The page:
Farther east, Rancho Cucamonga gained its own BJ’s restaurant. It’s in a new building across from Ontario Mills and past Costco on Fourth Street, just west of the 15 freeway. For those race fans out there, note that this BJ’s is the closest good beer joint to the California Speedway.

In Southern California, it goes without saying that travel and beer go together. However, for those of you venturing farther afield…

While the Boss was reminding his staff to write about Beer and Travel, I was in Washington, D.C., discovering a really good beer nexus just up 7th Street from the Smithsonian museums and the National Art Gallery. Near the Gallery Place metro stop, you’ll find the District Chop House, part of the Rock Bottom chain.

Just up the street is DA’s RFD, a spin-off of the Brickskeller, D.C.’s great beer landmark. Unlike the Brickskeller, DA’s offers several draught beers as well as a full menu. Not surprisingly, the new place already rivals its parent as D.C.’s premier beer destination.

If that weren’t enough, just on the other side of the National Portrait Gallery museum are two more brewpubs, Gordon Biersch and Capital City. The latter is a local brewpub chain. This particular location was the very first Cap City brewpub. It no longer features a brewery, but its oval bar is still a great site for people watching.

One more D.C. note: When making the obligatory visit to the Brickskeller, consider dropping by the nearby Big Hunt. This bar seems to be forever remaking itself — I’m never quite sure what to expect when I venture inside. However, the beer offerings are always first-rate. That’s why I keep coming back.

Elsewhere in this issue, someone is no doubt describing Montreal’s big beer festival, the Mondial de la Bière. I reached Montreal just after all the festival-goers had left. Amazingly, there was still some beer left in town, although the Unibroue stocks were noticeably low.

Nevertheless, dinner at Fourquet Fourchette, Unibroue’s theme restaurant south of the Saint Lawrence River in Chambly, was still a highlight of my visit. Sitting on the patio, overlooking a lake and the nearby historic fort, made a great meal all the better.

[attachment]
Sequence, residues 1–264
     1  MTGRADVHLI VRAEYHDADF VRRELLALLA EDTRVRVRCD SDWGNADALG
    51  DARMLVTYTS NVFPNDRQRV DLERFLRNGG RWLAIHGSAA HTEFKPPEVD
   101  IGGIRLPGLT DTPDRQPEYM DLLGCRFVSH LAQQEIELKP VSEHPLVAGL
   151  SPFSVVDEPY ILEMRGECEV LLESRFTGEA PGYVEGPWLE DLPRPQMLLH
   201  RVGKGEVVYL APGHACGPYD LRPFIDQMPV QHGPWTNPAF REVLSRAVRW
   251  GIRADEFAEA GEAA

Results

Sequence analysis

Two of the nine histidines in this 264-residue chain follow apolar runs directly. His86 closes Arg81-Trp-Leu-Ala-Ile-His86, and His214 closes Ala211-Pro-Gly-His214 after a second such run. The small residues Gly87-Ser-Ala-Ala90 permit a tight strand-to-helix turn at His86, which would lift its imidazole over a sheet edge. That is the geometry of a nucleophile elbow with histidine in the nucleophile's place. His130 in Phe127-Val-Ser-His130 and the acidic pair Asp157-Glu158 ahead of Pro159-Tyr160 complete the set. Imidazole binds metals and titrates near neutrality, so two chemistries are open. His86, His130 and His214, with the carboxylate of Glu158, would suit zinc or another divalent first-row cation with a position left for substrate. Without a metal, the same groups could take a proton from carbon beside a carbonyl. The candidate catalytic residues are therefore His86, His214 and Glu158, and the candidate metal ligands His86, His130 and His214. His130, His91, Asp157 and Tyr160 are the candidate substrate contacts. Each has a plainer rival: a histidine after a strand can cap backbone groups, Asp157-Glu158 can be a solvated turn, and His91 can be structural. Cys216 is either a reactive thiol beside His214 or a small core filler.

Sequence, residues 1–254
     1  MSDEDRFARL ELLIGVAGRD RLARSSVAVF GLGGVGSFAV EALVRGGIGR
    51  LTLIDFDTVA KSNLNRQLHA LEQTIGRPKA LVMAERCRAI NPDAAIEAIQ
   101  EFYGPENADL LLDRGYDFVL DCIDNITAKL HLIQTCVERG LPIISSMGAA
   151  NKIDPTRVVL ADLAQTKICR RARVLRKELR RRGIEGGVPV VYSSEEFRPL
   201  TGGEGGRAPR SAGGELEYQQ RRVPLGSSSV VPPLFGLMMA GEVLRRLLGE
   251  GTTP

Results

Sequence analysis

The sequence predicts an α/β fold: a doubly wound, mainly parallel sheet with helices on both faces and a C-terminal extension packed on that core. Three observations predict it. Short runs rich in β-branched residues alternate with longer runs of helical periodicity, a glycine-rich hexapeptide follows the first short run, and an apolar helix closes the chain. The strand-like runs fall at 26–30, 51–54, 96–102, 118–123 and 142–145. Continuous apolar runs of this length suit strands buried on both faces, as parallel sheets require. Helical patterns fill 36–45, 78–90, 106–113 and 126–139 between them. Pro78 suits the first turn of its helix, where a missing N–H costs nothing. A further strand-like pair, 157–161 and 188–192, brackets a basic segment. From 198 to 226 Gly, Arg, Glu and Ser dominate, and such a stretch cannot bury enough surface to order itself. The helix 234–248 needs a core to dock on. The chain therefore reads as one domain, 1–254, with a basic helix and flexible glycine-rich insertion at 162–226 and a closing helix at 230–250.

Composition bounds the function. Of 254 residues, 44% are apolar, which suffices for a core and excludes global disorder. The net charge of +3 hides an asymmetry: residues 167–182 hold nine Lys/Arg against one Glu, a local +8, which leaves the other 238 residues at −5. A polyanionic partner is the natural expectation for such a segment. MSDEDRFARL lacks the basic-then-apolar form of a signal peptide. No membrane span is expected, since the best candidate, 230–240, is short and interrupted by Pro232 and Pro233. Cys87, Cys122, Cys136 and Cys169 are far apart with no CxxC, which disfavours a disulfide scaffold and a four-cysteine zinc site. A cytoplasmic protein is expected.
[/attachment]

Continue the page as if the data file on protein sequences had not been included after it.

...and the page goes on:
Within Montreal itself, there are eight brewpubs. Most are near or on “the Main,” Rue St. Laurent, Montreal’s main street. Dieu du Ciel!, the northernmost brewpub, is probably the most American. Sergent Recruteur, just around the corner, is possibly the best hangout.

I found the newest brewpub, Reservoir, had improved greatly since my last visit a year ago. Meanwhile, Cheval Blanc can still be rightfully regarded as one of the best brewpubs in all of Canada.

L’Amère à Boire is Montreal’s most underrated brewpub. Unlike all the others, L’Amère brews lagers. Its pilsner, Cerna Hora, is simply outstanding. L’Amère also brews two different Baltic porters, Kozak and Odenese, which are each worth a visit themselves.

The Brutopia brewpub is across town in the heart of English-speaking Montreal. The place is comfortably British in theme. Hurley’s, the restaurant downstairs, is just as comfortably Irish. Just don’t order the nachos!

Compared to Montreal and Washington, D.C., you’d expect Indianapolis’s beer scene to be rather mundane. It isn’t.

The best brewpub in town, Broad Ripple, would be a prize just about anywhere. Set inside what was once a house in an older neighborhood on Indy’s north side, the place is worth searching for. The beers have a distinct British influence, while the tiny bar is big in its welcome.

South of Indy, Oaken Barrel is also worth a visit. It’s hard to miss; one wall of its complex has an airplane sticking out of it! Inside the brewpub, you’ll find a wide array of beers that can be very interesting, plus a very good menu.

Downtown, the chains rule. Hard Times Cafe pairs good beers with its chili, while Buffalo Wild Wings offers lots of draught beers with a particular emphasis on the locally made stuff. And at good prices too, especially in the afternoons!

However, Rock Bottom is the place to be. Offering free pool until 5:00 p.m., this is the place to go while waiting until it’s time to fly home. Just don’t forget to bring your Mug Club card.

One last note: Devotees and veterans of Spike’s, the venerable beer bar in San Luis Obispo, are already planning its 25th anniversary celebration next year. Spike’s alumni who want to be “found” should log on to groups.yahoo.com/group/spikes25.

Don Erickson is an associate editor of the Celebrator Beer News and a longtime “grognard” covering the Southern California beer scene. He lives in Long Beach, Calif.